What is the gastrocnemius?
The gastrocnemius is part of the composite muscle known as the triceps surae, which forms the prominent contour of the calf.
The triceps surae comprises the gastrocnemius, soleus, and plantaris. The popliteal fossa at the back of the knee is formed inferiorly by the bellies of the gastrocnemius and plantaris, laterally by the tendon of the biceps femoris, and medially by the tendons of the semimembranosus and semitendinosus.
Trigger points in the gastrocnemius are typically associated with calf pain/stiffness, nocturnal cramps, foot pain (instep), and pain in the back of the knee on mechanical activity.
Assessment of the gastrocnemius
The patient’s left leg is placed across the therapist’s thigh. From this position, the therapist has control of the patient’s left lower limb and foot.
It is important to make sure that the patient’s leg is kept straight at the knee, as this will influence the test result.
The therapist gently encourages the patient’s left ankle into a dorsiflexed position until a bind is felt (see illustration below).
The normal range of motion should achieve 90 degrees; if the point of bind is felt sooner, the gastrocnemius is classified as short.
The therapist gently encourages the patient’s left ankle into a dorsiflexed position until a bind is felt. A range of motion of 90 degrees is normal.
Alternative Method for Testing the Muscle Length of the Gastrocnemius
This test can be performed if the patient has a normal range of motion in their hamstrings; if the hamstrings have been classified as short, the original test described above must be used.
The therapist passively takes the patient’s left leg to 90 degrees of hip flexion. From this position, the therapist controls the patient’s left lower limb and stabilizes the ankle.
The therapist slowly encourages the patient’s ankle into dorsiflexion and feels for a bind (as shown below). If a range of 90 degrees can be achieved with no resistance, the gastrocnemius is classified as normal.
Testing the gastrocnemius: a range of motion of 90 degrees is normal. This technique also gives an indication of hamstring length.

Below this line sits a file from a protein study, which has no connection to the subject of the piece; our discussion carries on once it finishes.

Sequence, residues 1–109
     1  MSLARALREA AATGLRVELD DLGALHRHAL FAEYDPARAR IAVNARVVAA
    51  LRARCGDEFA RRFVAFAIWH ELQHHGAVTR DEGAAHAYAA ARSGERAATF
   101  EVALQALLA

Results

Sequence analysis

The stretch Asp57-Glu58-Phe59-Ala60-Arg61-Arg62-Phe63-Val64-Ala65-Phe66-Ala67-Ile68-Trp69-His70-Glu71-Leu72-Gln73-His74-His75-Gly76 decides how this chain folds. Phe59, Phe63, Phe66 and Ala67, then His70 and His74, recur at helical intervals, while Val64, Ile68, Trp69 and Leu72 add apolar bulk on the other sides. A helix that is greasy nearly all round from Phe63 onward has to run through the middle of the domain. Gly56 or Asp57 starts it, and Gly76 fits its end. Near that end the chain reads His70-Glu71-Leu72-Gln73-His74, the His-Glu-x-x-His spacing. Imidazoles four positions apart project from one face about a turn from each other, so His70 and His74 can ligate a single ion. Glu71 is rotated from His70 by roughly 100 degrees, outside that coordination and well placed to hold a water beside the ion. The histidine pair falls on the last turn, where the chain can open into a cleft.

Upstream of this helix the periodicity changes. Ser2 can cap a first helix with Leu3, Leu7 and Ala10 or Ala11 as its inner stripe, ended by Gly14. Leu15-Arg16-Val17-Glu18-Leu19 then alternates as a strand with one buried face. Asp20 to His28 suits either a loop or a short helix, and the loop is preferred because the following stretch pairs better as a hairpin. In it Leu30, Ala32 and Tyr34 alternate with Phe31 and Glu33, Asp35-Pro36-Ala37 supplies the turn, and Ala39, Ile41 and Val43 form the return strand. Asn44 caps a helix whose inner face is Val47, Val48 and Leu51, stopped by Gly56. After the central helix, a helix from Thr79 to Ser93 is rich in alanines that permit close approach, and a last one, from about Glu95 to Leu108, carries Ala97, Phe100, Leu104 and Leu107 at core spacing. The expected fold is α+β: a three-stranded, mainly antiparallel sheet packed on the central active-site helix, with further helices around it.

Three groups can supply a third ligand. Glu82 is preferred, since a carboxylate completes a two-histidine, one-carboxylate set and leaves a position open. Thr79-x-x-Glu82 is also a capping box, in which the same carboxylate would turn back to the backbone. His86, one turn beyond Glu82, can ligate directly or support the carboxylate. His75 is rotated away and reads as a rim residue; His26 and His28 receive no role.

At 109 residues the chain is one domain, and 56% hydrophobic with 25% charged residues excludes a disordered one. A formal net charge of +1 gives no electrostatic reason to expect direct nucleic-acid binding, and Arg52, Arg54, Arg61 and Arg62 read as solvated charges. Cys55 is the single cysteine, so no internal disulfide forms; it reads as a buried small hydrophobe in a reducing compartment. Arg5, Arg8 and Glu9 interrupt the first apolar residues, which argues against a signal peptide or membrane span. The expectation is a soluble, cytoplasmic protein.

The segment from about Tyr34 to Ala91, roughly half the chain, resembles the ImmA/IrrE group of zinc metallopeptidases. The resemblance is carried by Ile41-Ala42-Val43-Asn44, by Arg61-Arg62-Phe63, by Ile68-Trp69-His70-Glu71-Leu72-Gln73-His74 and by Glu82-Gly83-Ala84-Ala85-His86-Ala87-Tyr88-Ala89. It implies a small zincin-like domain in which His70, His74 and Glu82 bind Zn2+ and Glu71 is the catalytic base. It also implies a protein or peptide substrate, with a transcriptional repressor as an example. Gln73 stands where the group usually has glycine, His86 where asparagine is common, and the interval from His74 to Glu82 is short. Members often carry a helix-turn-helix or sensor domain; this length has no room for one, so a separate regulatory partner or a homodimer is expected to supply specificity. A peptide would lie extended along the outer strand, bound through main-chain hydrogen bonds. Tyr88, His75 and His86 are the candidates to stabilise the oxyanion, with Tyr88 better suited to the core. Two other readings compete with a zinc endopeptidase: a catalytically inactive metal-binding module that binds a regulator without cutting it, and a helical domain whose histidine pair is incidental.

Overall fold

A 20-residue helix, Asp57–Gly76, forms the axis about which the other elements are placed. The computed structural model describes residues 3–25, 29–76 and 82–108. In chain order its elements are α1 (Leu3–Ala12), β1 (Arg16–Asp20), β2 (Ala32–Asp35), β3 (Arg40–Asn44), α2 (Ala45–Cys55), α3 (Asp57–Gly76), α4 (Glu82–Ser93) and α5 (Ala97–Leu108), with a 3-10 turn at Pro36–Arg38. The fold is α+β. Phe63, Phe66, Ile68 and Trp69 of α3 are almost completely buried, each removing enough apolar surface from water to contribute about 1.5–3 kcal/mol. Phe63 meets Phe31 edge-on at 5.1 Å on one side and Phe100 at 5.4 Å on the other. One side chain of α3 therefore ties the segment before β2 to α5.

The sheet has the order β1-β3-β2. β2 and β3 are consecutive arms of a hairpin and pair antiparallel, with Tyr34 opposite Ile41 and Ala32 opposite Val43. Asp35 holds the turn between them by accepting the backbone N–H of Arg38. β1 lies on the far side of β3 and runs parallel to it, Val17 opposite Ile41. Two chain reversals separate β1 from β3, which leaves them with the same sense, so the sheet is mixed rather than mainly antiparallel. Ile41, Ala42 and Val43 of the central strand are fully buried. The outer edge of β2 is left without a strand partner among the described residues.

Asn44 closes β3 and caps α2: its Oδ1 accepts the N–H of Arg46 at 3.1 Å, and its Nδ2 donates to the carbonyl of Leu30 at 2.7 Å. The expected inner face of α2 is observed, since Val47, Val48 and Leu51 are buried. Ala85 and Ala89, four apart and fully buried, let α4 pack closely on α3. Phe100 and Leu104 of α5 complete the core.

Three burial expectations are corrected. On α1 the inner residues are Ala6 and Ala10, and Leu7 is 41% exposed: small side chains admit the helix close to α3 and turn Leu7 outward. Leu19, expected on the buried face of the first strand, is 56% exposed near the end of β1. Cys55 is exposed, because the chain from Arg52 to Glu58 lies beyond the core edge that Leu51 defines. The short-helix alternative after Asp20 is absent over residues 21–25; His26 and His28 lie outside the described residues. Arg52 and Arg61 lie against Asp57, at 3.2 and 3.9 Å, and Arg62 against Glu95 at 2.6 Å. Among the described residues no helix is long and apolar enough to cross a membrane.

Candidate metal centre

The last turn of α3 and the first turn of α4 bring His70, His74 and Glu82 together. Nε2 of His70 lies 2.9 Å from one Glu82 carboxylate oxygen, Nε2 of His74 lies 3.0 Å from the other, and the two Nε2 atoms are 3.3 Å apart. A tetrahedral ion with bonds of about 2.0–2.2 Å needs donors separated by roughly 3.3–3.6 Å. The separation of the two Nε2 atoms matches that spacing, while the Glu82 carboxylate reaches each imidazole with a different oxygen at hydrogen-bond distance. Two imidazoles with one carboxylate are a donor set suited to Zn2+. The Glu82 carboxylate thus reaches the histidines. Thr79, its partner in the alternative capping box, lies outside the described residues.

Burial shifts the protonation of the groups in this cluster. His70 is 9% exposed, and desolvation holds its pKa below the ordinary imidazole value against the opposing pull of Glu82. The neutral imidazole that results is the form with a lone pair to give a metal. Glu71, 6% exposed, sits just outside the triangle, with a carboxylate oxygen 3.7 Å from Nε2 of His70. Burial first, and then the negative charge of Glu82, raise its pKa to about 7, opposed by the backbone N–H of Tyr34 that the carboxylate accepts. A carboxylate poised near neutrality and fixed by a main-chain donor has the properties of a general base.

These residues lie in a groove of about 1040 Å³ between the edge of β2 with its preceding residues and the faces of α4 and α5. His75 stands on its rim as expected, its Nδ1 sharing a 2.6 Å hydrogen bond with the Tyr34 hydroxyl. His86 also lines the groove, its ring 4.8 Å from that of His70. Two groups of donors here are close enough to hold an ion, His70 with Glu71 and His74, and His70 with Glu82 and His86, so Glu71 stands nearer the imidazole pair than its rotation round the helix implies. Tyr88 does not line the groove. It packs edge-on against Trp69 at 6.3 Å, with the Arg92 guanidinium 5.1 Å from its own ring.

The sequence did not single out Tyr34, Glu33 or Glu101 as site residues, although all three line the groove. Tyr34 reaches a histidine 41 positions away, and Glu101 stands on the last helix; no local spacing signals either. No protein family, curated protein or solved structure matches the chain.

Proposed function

MET Treatment of Gastrocnemius
The patient is asked to push their toes away (plantar flexion) to activate the gastrocnemius (see figures (a) and (c) below).
After a 10-second contraction and on the relaxation phase, the therapist encourages dorsiflexion to promote lengthening of the gastrocnemius (see figures (b) and (d) below).
Figure A: Contraction of gastrocnemius
Figure B: Lengthening the gastrocnemius
Figure C: The patient plantar flexes the ankle from 90 degrees of hip flexion
Figure D: After the contraction, the therapist encourages dorsiflexion of the ankle to lengthen the gastrocnemius
About the author
Stuart Hinds is one of Australia’s leading soft tissue therapists, with over 27 years of experience as a practitioner, working with elite sports athletes, supporting Olympic teams, educating and mentoring others as well as running a highly successful clinic in Geelong.
Stuart has a strong following of practitioners across Australia and globally who tap into his expertise as a soft-tissue specialist. He delivers a range of highly sought after seminars across Australia, supported by online videos, webinars and one-on-one mentoring to help support his colleagues to build successful businesses.
In 2016, Stuart was awarded a lifetime membership to Massage & Myotherapy Australia for his significant support and contribution to the industry.
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This trigger point therapy blog is intended to be used for information purposes only and is not intended to be used for medical diagnosis or treatment or to substitute for medical diagnosis and/or treatment rendered or prescribed by a physician or competent healthcare professional. This information is designed as educational material, but should not be taken as a recommendation for treatment of any particular person or patient. Always consult your physician if you think you need treatment or if you feel unwell.
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